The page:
Greta Thunberg is not the only one who won’t be attending COP27 at Sharm El-Sheikh for the UN Climate Change Conference in Egypt over the next two weeks. Far more importantly, the Prime Minister of India, Narendra Modi, and the President of China, Xi Jinping will be absent.
During last year’s 2021 United Nations Climate Change Conference in Glasgow—also known as COP26—on the very last Saturday of negotiations, we saw India’s intervention to “phase down” rather than “phase out” the use of coal as a fuel. This came a day after India had proposed this change in the agreement of the Glasgow Climate Pact with China’s backing, which was signed by 200 countries. Both Modi & Xi also similarly did not attend last year’s COP26; between them they represent more than 2.8 billion of the world’s population, and have over the years aligned themselves with countries in the Global South in their negotiations at these international climate summits. So while you will see 120-odd world leaders on the COP platform over the Conference, you will not see two of the main players that influence present and future levels of greenhouse emissions.
Why is this so? Well, it is quite clear that they won’t accept being lectured by the Global North on how they should reduce their greenhouse gas emissions in response to global warming, whilst developing their societies economically. It is particularly noteworthy that these countries have not fully acknowledged the historical emissions made by Global North countries during their economic development in earlier centuries.
The other major issue that looms high is, of course, climate finance. In recent COPs, some Global North countries had promised $100 billion annually for Global South countries to adapt to the immediate undisputed consequences, and yet, not been able to deliver this amount. On top of this, the UK government has not delivered its contribution to the Global Climate Fund of $300 million this year, so Rishi Sunak, the United Kingdom’s new Prime Minister, should not be expecting a warm welcome since he’s finally agreed to attend COP27.
With a new chair for the COPs from Egypt, Sameh Shoukry, and a new Executive Director from Grenada, Stephen Stiell, the issue of “loss and damage” will be given a full airing not permitted at the last COP in Glasgow. This will undoubtedly dominate procedures for the Global South countries on the floor of the Conference amongst both their leaders and civil servants.
So watch this space over the next two weeks—particularly the responses from the countries of the Global North. For example, we understand John Kerry, the special envoy for the US President, will offer carbon credits, something many will suggest is much the same as carbon offsetting discussions that have been had at earlier COPs, which big business would much prefer.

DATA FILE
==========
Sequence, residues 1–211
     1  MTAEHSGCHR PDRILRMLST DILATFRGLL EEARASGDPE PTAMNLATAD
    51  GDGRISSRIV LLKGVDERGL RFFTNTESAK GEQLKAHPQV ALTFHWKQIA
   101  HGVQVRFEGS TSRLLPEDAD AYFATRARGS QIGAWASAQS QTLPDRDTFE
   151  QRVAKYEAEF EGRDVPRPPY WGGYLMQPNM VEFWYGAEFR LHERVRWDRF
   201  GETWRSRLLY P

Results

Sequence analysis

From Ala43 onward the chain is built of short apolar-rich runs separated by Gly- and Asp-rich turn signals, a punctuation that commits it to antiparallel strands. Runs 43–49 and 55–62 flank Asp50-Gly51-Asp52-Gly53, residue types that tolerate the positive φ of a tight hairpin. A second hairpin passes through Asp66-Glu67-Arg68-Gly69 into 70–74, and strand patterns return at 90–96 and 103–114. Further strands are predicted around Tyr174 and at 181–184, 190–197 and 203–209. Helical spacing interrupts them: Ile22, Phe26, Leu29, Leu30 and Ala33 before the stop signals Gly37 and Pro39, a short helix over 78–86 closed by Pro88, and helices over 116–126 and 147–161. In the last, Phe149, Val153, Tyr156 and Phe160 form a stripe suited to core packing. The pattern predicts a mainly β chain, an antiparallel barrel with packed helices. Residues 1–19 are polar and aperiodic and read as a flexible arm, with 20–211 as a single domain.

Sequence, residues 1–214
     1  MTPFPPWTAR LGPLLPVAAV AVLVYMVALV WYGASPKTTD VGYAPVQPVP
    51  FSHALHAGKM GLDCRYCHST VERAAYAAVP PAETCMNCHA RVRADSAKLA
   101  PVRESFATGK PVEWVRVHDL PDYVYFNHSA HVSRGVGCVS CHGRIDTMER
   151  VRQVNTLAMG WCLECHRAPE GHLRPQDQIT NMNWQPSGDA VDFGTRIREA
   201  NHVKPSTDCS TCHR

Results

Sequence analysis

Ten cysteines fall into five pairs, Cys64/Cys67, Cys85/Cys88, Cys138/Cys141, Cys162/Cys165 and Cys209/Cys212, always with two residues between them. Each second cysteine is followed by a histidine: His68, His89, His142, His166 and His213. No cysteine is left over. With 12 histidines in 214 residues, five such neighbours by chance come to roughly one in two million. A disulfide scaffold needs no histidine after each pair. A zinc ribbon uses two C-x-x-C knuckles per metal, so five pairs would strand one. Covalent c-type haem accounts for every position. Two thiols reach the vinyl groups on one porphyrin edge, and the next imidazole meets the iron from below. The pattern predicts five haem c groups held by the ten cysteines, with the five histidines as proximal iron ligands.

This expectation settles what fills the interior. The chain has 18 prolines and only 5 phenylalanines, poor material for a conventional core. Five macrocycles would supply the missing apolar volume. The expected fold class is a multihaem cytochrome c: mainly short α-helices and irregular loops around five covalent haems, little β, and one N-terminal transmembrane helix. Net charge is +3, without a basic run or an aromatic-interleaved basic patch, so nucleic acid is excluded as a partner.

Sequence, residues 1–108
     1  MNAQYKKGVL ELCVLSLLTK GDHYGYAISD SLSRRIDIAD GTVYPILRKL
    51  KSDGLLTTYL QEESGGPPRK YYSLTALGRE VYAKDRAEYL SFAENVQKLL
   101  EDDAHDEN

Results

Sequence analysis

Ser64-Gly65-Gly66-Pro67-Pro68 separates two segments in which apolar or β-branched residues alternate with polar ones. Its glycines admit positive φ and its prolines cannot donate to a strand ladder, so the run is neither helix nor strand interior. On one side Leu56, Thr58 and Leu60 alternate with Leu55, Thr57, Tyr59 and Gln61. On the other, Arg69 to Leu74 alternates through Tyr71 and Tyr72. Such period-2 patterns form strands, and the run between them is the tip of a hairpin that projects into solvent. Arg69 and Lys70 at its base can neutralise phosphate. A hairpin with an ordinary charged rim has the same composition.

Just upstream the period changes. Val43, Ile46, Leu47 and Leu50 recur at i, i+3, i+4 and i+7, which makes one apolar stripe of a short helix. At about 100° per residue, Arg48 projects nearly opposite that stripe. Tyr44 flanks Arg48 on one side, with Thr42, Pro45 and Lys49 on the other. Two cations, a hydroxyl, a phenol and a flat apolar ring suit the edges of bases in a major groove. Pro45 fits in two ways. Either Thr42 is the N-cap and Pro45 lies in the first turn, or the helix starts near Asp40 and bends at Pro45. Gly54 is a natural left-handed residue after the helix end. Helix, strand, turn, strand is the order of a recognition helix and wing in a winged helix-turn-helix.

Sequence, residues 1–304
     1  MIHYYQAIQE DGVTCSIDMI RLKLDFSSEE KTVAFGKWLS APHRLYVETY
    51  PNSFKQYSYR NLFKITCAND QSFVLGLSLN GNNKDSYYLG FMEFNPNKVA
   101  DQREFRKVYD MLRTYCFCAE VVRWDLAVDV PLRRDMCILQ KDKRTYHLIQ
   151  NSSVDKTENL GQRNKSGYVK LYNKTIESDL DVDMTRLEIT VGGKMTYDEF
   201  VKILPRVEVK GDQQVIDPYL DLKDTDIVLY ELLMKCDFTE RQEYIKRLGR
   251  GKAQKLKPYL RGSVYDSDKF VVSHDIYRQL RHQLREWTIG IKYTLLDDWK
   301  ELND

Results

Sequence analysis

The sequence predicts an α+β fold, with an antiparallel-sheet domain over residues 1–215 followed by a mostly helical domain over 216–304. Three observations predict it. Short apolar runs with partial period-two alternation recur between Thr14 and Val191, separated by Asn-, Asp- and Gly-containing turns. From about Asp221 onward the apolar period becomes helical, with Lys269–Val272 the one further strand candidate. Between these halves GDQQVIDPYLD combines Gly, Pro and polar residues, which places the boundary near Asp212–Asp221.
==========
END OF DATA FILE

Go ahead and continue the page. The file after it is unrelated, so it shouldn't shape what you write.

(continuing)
The sad reality is that the target of 1.5 centigrade set so keenly at the Paris COP as the limit to global warming looks increasingly to be overshot by 2050—probably beyond 2 centigrade, with severe consequences. The progress on actual reductions of greenhouse gases has been none too good either across the 27 annual COPs, nor are many of the National Determined Contributions plans up to date or submitted by all the parties of the UNFCCC, as agreed again at the Paris COP in 2015. So COP27 must deliver massive emissions reductions and money for loss and damage with social justice.
Those of us with a longer memory will also remember the Kyoto Protocol, the major product of the 1997 COP in Kyoto, Japan, where Global North countries did at least accept responsibility for the historical amount of greenhouse gases in the global atmosphere. The Protocol was based on the principle of common but differentiated responsibilities: it acknowledged that individual countries have different capabilities in combating climate change, owing to economic development, and therefore placed the obligation to reduce current emissions on the Global North on the basis that they are historically responsible for the current levels of greenhouse gases in the atmosphere.
All 36 countries that fully participated in the first commitment period complied with the Protocol between 2008 and 2012. Even though 36 Global North countries reduced their emissions, the global emissions increased by 32% from 1990 to 2010. Also though Russia and Canada ratified the Kyoto Protocol to the UNFCCC, bringing the treaty into effect on 16 February 2005, the US did not, after initially suggesting it would. By 2011, Canada, unfortunately, became the first signatory to announce its withdrawal from the Kyoto Protocol in response to the financial crisis of 2007-08.
So over the next two weeks of proceedings at COP27, let us not forget the main players who have not appeared and why this may be the case. And just as we did at COP26 last year, you will need to wait till the last weekend of negotiations to see what is really going on.